POULENC’S LA VOIX HUMAINE
Jennifer Lien, Soprano
Shane Thio, Piano
Ivan Heng, Director
Streamed on the Internet @ SISTIC Live
Saturday (18 July 2020)
This review was published in The Straits Times on 20 July 2020 with the title "Home-grown rendition of The Human Voice a rare gem".
Until the embargo of live concerts is lifted post-circuit breaker, music lovers will have to be content with pre-recorded digital concerts. Presented by the Singapore Symphony Group in its Victoria Concert Hall Presents series, this 2018 production of Francis Poulenc’s single-act, single-singer chamber opera La Voix Humaine (The Human Voice), first streamed last weekend, was a rare gem.
Performed before a live audience, its plot involved Elle (the generic “She” in French) in a final conversation with her former lover. Central to the 1958 opera, adapted from playwright Jean Cocteau’s 1928 script, was the telephone, a modern convenience and prop that was supposed to figure prominently throughout.
Wrong numbers, crossed connections and inept telephone operators were comedic elements in the serious melodrama. However, in director Ivan Heng’s conception, that physical means of communication was totally expunged. This allowed protagonist Elle the freedom of movement, to wander about onstage and sing without impediment.
The telephone’s only hint was a long red cord tightly wound around the grand piano on which pianist Shane Thio played. Also absent was Elle’s faithless lover, although his insidious presence might be inferred in furtive onscreen projections and Thio’s sockless red sneakers.
Enlivening the anguished Elle was USA-based Singaporean soprano Jennifer Lien, whose monologue was a tour de force of lyrical and dramatic role-play. The former Business Times journalist turned operatic diva was fully immersed in the multi-faceted part and emoted brilliantly in idiomatic French (with the audience well served by English transliterations).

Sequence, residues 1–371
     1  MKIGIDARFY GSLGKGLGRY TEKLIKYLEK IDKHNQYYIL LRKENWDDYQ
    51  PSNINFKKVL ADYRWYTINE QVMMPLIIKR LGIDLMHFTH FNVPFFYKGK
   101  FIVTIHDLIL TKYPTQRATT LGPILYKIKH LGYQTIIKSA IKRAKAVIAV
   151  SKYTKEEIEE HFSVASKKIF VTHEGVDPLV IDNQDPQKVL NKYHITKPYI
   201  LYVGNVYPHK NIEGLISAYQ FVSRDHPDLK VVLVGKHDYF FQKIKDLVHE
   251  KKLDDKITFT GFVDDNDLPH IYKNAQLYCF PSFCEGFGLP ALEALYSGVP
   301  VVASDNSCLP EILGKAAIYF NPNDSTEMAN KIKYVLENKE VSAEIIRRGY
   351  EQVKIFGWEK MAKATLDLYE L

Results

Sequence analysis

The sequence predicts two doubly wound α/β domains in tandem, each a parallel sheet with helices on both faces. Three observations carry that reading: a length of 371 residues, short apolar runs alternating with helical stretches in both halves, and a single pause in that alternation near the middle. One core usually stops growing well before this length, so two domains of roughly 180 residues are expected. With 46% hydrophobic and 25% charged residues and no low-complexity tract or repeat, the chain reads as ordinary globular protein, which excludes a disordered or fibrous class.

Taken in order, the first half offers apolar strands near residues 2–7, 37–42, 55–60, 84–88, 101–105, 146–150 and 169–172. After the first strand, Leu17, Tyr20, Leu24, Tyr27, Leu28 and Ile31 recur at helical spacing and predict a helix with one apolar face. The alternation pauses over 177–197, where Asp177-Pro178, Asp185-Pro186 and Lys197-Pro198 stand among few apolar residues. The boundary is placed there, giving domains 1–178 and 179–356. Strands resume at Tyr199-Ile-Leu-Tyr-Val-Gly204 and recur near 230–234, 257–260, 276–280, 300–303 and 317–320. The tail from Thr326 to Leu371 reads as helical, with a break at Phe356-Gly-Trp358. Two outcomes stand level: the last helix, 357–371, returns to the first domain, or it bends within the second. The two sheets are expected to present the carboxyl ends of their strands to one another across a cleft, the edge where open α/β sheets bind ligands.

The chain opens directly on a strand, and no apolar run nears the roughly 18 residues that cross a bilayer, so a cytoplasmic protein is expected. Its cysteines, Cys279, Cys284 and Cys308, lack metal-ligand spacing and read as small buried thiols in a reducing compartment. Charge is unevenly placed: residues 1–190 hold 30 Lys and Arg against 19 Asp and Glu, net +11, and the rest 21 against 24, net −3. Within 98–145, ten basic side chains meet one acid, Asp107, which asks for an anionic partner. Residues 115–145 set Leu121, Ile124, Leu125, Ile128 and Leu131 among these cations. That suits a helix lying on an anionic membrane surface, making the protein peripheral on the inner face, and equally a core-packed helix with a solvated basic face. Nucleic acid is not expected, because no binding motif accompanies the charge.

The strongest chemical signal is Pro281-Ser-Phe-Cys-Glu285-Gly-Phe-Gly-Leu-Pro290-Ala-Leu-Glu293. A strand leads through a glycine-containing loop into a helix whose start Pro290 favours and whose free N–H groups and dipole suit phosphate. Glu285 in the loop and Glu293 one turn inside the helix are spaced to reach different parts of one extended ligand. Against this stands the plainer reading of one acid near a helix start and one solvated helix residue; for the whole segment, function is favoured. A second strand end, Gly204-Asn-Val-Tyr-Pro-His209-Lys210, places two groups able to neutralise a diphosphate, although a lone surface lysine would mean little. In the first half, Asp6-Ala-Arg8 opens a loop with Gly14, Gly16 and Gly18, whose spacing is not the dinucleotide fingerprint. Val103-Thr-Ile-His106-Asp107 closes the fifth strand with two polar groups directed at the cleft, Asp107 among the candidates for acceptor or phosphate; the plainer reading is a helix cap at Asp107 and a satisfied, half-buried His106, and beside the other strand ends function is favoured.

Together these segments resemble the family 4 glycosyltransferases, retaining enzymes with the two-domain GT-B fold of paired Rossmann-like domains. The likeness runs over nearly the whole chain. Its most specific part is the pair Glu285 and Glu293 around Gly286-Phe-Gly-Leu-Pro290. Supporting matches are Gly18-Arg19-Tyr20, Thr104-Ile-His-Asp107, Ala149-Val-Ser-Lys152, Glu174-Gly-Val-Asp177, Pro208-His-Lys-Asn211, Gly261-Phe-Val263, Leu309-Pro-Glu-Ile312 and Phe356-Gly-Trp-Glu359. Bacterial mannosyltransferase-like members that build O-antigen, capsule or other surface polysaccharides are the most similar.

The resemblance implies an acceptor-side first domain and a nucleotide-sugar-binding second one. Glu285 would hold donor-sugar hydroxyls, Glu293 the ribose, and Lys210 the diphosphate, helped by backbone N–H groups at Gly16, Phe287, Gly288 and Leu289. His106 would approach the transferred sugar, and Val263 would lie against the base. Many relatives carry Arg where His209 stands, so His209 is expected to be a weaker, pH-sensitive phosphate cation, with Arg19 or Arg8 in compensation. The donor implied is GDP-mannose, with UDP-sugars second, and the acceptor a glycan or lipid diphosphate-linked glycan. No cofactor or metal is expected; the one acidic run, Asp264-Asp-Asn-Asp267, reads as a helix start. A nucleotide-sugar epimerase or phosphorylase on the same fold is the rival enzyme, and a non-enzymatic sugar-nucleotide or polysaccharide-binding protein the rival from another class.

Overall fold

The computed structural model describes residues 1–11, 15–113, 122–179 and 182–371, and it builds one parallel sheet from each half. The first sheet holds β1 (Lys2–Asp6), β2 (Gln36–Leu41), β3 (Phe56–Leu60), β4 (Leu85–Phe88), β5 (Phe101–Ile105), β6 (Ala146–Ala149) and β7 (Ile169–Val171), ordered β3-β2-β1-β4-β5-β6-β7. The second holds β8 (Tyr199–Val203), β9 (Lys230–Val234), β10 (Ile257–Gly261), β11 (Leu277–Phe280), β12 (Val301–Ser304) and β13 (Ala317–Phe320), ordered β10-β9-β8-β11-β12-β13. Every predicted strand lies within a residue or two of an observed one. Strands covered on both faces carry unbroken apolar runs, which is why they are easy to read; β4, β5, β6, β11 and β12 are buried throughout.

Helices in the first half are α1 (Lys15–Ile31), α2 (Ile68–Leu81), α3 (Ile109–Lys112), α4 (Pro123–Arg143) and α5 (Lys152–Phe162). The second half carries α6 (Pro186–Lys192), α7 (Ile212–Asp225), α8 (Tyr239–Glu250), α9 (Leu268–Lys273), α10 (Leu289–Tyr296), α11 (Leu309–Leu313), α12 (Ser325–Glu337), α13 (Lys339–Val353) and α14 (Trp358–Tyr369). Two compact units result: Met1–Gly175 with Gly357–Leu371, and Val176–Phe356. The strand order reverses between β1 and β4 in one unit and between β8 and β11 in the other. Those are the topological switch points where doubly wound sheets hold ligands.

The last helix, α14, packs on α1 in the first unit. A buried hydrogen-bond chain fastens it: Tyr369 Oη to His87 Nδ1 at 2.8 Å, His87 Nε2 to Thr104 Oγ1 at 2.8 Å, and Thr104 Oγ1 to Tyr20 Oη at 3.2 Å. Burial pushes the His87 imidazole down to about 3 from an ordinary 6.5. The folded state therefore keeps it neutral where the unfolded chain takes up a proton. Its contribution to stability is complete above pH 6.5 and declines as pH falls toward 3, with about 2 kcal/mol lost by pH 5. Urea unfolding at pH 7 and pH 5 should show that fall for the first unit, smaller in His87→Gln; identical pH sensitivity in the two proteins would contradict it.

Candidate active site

Through the opera’s compact 40 minutes, she brilliantly lived through Kubler-Ross’s five stages of grief. Shifting effortlessly between denial, anger, bargaining, depression and acceptance, she often mixed these up in an intoxicating melange of fraught and barely-contained emotions. With hysterical outbursts alternating with episodes of lucidity, this was a multi-layered and grandstanding performance.
Poulenc’s music was unremittingly tonal, but liberally laced with dissonances and abrupt figurations. Lien flitted through recitative and outright song, where a penchant for sentimentality was revealed, albeit briefly. There was a short waltz-song sequence midway through, with a cascade of falling pills projected behind the performer. This was more than an allusion to a drug-induced fit of pique, also fortified by a well-placed bottle of liquor.
Whatever was Elle’s fate (suicide by overdose, gunshot or strangulation by telephone cord) became immaterial by the opera’s passionate but lyrical close. All that remained were the frenzied circumstances and states of mind that led to her fateful (and ultimately fatal) decisions. In short, The Human Voice was an in-depth treatise of the human condition, fragile psyche, warts and all. That it was captured with such trenchancy speaks volumes of all the artists involved.